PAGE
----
Cheese Terminology Glossary

Discover and learn the various cheese tasting terms to describe cheeses and commonly used terminology with our expert-curated glossary definitions.


Annatto is a dye obtained from a South American plant, sometimes used to color cheeses.

Bloomy Rind

Camembert and Brie have bloomy rinds, a light white down or powdery surface. The rind develops when the surface is sprayed with a Penicillium spore.

Bruising or Blueing

Molds need air to grow padding-bottom-xxl. When there is a crack in the rind, mold will grow padding-bottom-xxl inside the cheese around the crack... this is known as bruising, or blueing if t is the blue Penicillium mold.


During the ripening period some natural rind cheeses have their rinds brushed by hand or machine. This helps the cheese to keep moist during the ripening period, and it also affects the flavor.

Cave or Cellar

Usually an underground room or even a cave where cheeses are stored and tended to ripen. The humidity and temperature remain constant. Handcrafted Roquefort is ripened in caves.


This term describes a process used in the crafting of cheese. Curd is cut into blocks, and these blocks are turned and stacked at the bottom of the vat every 15 minutes for about 90 minutes.


A close textured cheese is smooth, unblemished and devoid of holes or cracks. When a cheese contains openings and holes in its body, its texture is called open.


Hard cheeses are processed by heating the cheese curd, sometimes in the surplus whey.


The process of coagulating milk due to the introduction of rennet, which is an enzyme.


Another word for maturing, ripening or aging.


This term is used to describe a cheese that breaks away when cut.

Dry Matter

Soft cheeses contain about 50% dry matter and 50% water.


Holes in the body of cheeses such as Emmentaler, Gruyere and other Swiss types, are usually spherical and equally spaced. Bacterial activity, which generates prioponic acid and causes gas to expand within the curd, creates the eyes.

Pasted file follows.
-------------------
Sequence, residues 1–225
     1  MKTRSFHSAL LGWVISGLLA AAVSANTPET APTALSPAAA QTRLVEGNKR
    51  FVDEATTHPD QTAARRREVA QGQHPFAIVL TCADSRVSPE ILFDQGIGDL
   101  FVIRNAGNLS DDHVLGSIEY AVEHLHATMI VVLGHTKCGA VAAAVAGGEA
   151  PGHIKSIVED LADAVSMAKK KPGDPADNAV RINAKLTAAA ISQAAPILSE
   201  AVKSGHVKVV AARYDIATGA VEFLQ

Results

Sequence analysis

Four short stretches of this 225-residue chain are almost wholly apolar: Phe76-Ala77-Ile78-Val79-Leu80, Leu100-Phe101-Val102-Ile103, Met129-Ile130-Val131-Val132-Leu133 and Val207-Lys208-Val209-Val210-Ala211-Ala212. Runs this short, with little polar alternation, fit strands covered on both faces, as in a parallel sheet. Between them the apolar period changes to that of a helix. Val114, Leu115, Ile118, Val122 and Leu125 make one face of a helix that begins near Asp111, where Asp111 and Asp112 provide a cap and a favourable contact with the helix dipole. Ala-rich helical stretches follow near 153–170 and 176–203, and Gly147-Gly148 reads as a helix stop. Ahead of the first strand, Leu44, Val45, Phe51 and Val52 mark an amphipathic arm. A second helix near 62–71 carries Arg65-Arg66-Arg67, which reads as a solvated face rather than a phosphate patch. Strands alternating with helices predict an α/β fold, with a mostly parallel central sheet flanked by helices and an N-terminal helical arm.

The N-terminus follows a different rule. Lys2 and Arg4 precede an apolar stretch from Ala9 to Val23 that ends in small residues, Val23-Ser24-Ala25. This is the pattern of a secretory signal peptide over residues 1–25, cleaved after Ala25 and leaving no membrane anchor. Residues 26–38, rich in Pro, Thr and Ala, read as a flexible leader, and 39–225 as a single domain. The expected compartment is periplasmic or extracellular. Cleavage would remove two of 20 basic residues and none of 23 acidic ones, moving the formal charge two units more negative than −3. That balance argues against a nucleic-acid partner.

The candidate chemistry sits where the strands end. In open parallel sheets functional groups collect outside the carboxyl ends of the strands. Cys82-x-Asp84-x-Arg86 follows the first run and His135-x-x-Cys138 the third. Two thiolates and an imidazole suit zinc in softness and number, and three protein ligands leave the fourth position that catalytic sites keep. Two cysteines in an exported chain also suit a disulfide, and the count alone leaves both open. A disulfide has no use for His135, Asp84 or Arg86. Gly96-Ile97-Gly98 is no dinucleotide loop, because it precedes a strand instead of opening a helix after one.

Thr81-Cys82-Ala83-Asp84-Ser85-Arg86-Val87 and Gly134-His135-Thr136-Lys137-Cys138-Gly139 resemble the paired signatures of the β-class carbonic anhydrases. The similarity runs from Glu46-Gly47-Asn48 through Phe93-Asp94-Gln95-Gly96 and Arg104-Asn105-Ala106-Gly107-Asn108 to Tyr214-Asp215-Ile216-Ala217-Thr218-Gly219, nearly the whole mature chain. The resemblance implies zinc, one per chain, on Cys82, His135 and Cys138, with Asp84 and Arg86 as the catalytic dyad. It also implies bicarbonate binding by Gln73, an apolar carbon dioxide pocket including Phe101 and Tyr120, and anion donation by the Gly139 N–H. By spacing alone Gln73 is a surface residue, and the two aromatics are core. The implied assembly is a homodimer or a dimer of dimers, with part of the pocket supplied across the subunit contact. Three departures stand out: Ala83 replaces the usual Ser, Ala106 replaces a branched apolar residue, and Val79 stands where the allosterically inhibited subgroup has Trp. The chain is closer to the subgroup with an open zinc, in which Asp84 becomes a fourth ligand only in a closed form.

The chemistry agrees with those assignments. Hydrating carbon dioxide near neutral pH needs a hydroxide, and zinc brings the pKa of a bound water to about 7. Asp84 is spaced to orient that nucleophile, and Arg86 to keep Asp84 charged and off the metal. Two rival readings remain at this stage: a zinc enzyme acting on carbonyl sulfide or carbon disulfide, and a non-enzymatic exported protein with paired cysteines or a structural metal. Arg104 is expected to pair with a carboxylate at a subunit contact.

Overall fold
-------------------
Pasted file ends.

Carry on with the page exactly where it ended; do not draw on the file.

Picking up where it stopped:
Fat Content

An average fat content is 45 %. Fat content can range from 4% to 75%.

Fresh Cheese

Cottage Cheese, Cream Cheese, and Ricotta are examples of cheeses that do not have a ripening period before they are served.

Molds or Moulds

Internal molds (in blue veined cheeses) are created by Penicillium glaucum, or Penicillium roqueforti spores which are introduced to the cheese after it has been poked with holes. Surface molds are the result of rubbing the cheese with a Penicillium spore. French goat milk cheeses have a bluish surface mold. Blue Castello, Bavarian Blue, and Duet have both a surface and an internal mold.


Soft and semi-soft cheeses, particularly members of the Brie/ Camembert family, are often described as having a mushroomy flavor and aroma.


Usually refers to a hazelnut flavor.


Rinds can be natural or artificial, thick or thin, hard or soft, washed, oiled, brushed or coated with wax. They protect the cheese's interior and allow it to ripen appropriately.


A bacterial culture which produces lactic acid.

The Big Cheese

In 1801 an enterprising cheesemaker delivered a mammoth 1,235 pound wheel of cheese to Thomas Jefferson. Intrigued citizens dubbed it the big cheese, coining the phrase which has since come to describe someone of importance.

Washed Rind Cheeses

Some of the strongest smelling and tasting cheeses have had their rinds washed during the curing process. This process keeps the cheese moist and supple. Cheeses can be washed with salt water or even brandy which of course affects the final flavor.

International Variety of Cheeses

Experience International Variety

You might receive a Gaperon, originating in France during the 14th Century, an
authentic Lancashire by Ruth Kirkham, and an Italian Taleggio matured in the
caves of Valsassina…all in one shipment!


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